3D printing is attractive for antenna manufacturing for a few reasons including the ability to make complex designs realizable that may have previously been too costly or unmanufacturable and the ability to build conformal designs. The idea of 3D printing antennas is not new and has been researched in recent years. However the possibility of using 3D printed antennas for space applications has been researched very little. The harsh space environment makes material selection an important factor in designing for space applications. Depending on location of the orbit of interest, there are several factors that must be considered when dealing with space including, high vacuum, magnetic fields, electromagnetic radiation (UV rays, X- ray, and gamma rays), charged electrons and protons, and extreme temperatures. In this project 3 patch antennas were 3D printed out of ABS for use at 5, 10, 25 GHz. The antennas underwent testing to understand how the 3D printed ABS material would react in a space conditions. The materials were exposed to radiation and vacuum environment in order to simulate space conditions.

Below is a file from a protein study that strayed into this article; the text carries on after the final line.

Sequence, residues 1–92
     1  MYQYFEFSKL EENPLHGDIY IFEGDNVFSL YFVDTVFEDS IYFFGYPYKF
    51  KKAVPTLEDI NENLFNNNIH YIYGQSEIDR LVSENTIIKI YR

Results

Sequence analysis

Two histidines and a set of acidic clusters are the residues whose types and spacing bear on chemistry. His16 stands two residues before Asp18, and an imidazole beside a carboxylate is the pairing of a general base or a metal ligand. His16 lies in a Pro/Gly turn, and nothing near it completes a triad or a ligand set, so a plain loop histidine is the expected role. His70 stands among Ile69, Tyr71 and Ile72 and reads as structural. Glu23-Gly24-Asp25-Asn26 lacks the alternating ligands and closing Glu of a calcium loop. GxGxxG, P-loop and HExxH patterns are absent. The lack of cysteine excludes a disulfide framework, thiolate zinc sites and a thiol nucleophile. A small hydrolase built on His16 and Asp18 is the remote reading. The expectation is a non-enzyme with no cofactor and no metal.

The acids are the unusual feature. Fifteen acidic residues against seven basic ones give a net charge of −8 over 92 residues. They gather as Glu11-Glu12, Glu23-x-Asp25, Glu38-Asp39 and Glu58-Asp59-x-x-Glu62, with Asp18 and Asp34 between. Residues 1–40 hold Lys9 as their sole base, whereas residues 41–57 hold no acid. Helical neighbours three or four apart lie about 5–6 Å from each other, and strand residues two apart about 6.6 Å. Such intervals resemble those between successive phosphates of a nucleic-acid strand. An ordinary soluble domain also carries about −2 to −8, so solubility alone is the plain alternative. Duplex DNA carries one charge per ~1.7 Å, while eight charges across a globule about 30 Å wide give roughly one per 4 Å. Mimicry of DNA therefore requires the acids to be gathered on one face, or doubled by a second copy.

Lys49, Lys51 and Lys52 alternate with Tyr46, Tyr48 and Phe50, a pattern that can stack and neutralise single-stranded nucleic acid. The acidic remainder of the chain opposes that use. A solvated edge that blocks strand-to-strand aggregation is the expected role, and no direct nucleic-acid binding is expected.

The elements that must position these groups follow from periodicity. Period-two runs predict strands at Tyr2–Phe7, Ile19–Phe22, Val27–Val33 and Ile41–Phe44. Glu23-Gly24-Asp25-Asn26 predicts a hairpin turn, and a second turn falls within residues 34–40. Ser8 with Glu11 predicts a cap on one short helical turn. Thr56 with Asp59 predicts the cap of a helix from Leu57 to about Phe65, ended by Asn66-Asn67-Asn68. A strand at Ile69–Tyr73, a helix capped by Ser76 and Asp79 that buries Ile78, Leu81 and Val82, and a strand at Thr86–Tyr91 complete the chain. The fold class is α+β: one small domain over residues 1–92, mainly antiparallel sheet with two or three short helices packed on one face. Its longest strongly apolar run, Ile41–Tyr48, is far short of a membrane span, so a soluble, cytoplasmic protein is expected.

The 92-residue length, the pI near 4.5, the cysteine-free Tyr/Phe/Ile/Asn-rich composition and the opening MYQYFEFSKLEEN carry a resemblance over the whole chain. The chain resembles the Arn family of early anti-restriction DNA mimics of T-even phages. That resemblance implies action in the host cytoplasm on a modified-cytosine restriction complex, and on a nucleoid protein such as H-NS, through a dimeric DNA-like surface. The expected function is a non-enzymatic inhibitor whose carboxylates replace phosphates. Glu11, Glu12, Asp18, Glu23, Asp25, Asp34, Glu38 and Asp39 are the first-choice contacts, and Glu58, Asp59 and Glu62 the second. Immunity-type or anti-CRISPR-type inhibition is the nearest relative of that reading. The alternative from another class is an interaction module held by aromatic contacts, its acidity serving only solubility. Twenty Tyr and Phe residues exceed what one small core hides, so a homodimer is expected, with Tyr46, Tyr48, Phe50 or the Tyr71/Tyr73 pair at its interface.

3D Printing, Radiation Testing, Vacuum Testing, 3D Printed Antennas
Level of Degree
Electrical and Computer Engineering
First Committee Member (Chair)
Second Committee Member
Belvin, Katherine. "Examining 3D Printed Antennas For Space Based Applications." (2015). http://digitalrepository.unm.edu/ece_etds/29